Antonio Gotto was Dean of Weill Medical College of Cornell University. He was succeeded by Laurie H. Glimcher in January 2012. Prior to his appointment in 1997, Gotto was chairman of the department of internal medicine at Baylor College of Medicine for 20 years, where he collaborated extensively with Michael DeBakey. Gotto is best known for his research into blood lipids. As administrator, he presided over an enormous growth at Cornell, an affiliation with Houston Methodist Hospital when it separated from Baylor, and a deepening of Cornell's longime affiliation with New York Hospital following its merger with Columbia Presbyterian to form the New York-Presbyterian Hospital.
Gotto obtained his bachelor's degree from Vanderbilt University. He then attended Oxford University as a Rhodes Scholar. He subsequently graduated from Vanderbilt's medical school. In the field of atherosclerosis, his basic science research interests include clinical disorders of lipid transport and the structure, metabolism, and function of lipoproteins and apolipoproteins. He and his associates were the first to achieve complete synthesis of a plasma apolipoprotein (apo C-I); they also determined the complete cDNA and amino acid sequence of apo B-100, one of the largest proteins ever sequenced and a key protein in atherosclerosis. Gotto has played a leading role in several landmark clinical trials demonstrating that cholesterol-lowering drug treatment can reduce the risk for heart disease.
Among other appointments, he chairs the Committee on Cardiovascular and Metabolic Diseases (CCMD), a multifaceted educational initiative dedicated to creating continuing medical education (CME) programs that underscore the importance of managing cardiovascular and metabolic diseases.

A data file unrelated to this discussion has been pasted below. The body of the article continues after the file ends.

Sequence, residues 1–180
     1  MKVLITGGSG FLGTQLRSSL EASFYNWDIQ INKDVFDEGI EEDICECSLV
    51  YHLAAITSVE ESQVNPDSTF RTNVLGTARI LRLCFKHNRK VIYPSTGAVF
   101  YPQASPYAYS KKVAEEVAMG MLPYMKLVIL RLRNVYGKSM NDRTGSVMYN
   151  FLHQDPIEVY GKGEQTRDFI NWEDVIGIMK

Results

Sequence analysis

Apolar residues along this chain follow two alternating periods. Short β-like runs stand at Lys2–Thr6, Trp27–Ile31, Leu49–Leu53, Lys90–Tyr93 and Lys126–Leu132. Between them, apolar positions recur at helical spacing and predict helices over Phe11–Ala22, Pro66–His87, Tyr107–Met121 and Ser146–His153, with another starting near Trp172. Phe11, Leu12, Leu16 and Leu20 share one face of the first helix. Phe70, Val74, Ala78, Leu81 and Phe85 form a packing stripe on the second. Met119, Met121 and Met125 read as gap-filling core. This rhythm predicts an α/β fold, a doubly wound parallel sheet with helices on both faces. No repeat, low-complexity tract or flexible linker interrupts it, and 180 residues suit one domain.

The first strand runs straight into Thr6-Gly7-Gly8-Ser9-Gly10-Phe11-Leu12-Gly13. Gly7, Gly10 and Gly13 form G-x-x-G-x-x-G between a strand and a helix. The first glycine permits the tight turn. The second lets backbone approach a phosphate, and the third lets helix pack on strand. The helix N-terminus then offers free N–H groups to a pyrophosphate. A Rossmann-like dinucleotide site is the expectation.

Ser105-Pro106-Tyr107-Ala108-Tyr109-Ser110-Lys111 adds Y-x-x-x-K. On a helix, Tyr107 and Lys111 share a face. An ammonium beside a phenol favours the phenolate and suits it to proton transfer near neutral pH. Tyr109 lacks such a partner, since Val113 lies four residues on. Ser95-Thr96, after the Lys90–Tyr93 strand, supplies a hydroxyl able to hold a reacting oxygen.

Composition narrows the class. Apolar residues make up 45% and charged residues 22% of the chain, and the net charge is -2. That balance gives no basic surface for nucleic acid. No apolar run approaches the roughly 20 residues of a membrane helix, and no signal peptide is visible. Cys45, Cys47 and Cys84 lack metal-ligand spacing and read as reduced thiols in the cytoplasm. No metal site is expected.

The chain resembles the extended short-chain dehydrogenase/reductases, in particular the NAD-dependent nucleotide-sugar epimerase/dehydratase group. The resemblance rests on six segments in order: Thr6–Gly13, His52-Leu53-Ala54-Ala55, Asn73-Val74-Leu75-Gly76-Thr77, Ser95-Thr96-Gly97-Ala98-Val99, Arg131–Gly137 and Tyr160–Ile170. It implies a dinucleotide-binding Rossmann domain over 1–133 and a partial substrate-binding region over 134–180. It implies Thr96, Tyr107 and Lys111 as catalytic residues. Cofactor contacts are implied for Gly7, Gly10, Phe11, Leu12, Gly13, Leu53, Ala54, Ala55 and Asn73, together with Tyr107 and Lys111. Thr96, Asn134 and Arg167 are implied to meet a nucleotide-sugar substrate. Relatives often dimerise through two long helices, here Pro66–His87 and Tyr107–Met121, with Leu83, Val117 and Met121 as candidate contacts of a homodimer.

A lifelong supporter of educational efforts aimed at cardiovascular risk reduction, Gotto has been National President of the American Heart Association and President of the International Atherosclerosis Society. He is a member of the Institute of Medicine and the American Academy of Arts and Sciences and a recipient of many honors. Gotto has contributed more than 500 scholarly articles and books to the medical literature, and he is coauthor of a series of books (The Living Heart series) that explain the origins and treatment of cardiovascular disease to the general public. Gotto has been on the editorial boards of numerous academic publications, including a senior editor of The Medical Roundtable, Cardiovascular Edition, a peer-reviewed journal publishing expert roundtable discussions on compelling topics.
He is married with three daughters and lives in New York City and Houston, Texas.